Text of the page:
Cut to the core: the sweet and the Splinters

Pub date April 11, 2010

Didja hear? There’s a mini-girl-band revolution going on. Embracing the rawest of rawk, the lowest of fi, the Splinters haven’t been lumped into the current wavelet of female-centric Bay Area ensembles ala Brilliant Colors and Grass Widow. And perhaps rightfully so. Gender aside, the bands are coming from way different places sonically. On its 12-track debut, Kick (Double Negative), the Splinters hew to the sweet harmonies of yesterday’s girl-group gangs, with nary a Phil Spector nor Calvin Johnson in earshot — though the spare arrangements and muy-primitivo grrrl-punk of “Mysterious” and “Dark Shades” seem more indebted to the K Kamp than any fortress built with Walls of Sound.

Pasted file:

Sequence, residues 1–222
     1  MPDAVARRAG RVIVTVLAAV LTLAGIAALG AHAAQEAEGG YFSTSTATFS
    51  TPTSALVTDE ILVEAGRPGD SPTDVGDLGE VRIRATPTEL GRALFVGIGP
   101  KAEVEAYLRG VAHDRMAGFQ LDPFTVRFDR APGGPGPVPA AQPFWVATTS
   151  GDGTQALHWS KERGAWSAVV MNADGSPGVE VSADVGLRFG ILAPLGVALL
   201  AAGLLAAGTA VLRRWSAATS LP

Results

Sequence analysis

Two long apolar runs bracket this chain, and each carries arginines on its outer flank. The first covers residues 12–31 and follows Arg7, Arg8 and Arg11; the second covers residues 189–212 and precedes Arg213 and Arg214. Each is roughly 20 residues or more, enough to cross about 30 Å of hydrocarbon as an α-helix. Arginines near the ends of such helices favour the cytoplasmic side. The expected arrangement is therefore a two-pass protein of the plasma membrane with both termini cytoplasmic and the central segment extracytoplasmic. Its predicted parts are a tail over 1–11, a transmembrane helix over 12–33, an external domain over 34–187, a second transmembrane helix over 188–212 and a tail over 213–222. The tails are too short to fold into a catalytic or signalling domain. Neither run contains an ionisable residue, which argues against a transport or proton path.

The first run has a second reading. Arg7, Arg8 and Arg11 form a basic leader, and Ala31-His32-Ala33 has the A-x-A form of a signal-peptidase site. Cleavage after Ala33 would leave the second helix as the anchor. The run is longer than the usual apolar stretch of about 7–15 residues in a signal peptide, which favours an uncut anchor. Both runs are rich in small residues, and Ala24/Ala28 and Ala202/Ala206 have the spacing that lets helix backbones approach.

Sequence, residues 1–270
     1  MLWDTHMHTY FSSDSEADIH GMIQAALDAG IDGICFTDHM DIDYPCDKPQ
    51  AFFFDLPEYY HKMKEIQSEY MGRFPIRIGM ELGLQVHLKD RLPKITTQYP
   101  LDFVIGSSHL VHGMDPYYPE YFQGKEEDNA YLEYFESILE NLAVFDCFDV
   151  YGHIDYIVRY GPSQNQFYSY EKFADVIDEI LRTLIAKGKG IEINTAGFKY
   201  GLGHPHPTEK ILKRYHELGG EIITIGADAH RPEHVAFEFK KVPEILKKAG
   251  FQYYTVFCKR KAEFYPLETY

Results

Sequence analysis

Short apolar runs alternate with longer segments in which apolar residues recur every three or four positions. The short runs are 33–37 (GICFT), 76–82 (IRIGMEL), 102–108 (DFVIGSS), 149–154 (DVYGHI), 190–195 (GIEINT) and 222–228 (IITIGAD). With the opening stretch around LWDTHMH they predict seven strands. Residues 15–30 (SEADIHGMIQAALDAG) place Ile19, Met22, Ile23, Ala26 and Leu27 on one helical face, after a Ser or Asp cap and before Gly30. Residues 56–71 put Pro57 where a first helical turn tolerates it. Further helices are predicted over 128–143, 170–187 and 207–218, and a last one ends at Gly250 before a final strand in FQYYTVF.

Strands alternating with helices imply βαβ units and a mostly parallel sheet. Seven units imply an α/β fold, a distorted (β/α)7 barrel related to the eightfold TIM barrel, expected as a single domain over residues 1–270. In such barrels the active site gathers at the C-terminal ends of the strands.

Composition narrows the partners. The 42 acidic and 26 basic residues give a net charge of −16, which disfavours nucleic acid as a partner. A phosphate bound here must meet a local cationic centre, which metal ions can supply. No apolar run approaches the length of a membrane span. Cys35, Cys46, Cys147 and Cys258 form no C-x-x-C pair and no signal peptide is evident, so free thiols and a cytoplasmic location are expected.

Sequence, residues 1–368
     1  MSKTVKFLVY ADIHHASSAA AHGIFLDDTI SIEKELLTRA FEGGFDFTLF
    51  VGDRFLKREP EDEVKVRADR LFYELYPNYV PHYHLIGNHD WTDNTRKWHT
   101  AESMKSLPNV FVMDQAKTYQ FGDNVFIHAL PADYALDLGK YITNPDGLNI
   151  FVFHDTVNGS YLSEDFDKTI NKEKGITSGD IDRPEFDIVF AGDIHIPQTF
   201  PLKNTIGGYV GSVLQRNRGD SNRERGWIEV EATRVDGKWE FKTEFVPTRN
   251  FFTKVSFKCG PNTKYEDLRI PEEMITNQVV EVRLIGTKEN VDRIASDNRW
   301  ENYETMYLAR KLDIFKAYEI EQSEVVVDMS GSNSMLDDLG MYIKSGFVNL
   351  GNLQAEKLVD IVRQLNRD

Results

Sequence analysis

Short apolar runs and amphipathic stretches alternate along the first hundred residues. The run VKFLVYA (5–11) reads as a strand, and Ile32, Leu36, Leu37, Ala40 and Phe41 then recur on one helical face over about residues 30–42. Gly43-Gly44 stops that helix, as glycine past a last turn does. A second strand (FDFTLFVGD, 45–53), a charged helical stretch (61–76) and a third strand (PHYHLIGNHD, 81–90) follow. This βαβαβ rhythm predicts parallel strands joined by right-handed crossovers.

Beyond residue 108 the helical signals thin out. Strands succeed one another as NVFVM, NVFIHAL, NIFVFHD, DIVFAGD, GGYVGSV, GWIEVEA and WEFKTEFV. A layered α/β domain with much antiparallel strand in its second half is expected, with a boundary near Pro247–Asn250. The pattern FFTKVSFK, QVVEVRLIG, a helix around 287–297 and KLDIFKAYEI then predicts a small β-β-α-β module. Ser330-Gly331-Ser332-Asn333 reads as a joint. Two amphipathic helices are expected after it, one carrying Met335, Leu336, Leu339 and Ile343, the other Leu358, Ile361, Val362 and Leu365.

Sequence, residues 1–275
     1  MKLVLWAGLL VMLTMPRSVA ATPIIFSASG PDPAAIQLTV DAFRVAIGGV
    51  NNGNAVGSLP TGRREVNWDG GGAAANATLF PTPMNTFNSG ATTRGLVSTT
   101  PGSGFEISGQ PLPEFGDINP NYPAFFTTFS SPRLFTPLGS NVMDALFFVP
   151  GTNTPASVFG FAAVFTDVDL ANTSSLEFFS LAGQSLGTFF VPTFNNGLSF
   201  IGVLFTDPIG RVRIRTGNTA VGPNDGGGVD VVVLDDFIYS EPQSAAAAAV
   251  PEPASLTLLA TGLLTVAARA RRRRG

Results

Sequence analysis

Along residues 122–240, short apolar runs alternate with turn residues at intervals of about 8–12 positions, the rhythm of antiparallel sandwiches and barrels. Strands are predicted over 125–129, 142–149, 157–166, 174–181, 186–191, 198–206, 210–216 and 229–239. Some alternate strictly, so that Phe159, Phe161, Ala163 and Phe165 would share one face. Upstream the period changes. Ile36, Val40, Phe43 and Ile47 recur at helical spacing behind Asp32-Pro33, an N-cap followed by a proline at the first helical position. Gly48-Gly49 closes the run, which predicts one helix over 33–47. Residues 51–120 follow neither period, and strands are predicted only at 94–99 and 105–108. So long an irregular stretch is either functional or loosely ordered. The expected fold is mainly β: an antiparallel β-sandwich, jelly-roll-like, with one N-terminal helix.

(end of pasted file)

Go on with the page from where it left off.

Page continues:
As an engineer, Maus Haus frontperson Jason Kick does a bang-up job of clearing the clutter, foregrounding the prettily droning harmonies of “Electricity,” and making the acoustic guitars glitter above a soulful bassline on “Sea Salt Skin.” Still, the pared-down aesthetic — not to mention the four UC Berkeley alums’ unpretentiously thoughtful preoccupations with such topics as girl-on-girl malice (“Oranges”) and the act of posturing beneath the heat of a gaze (“Cool”) — sounds like its all coming very organically from the Splinters themselves. Too few are fearless enough to write an on-the-verge-of-breakup song as bare-throated yet brutally honest, vulnerable, and unadorned as the guitar-and-tambourine-tinted “Sorry” — more power to the Splinters. 

With Psychedelic Horseshit and Outlaw
April 14, 9 p.m.
Ghosttown Gallery
2519 San Pablo, Oakl.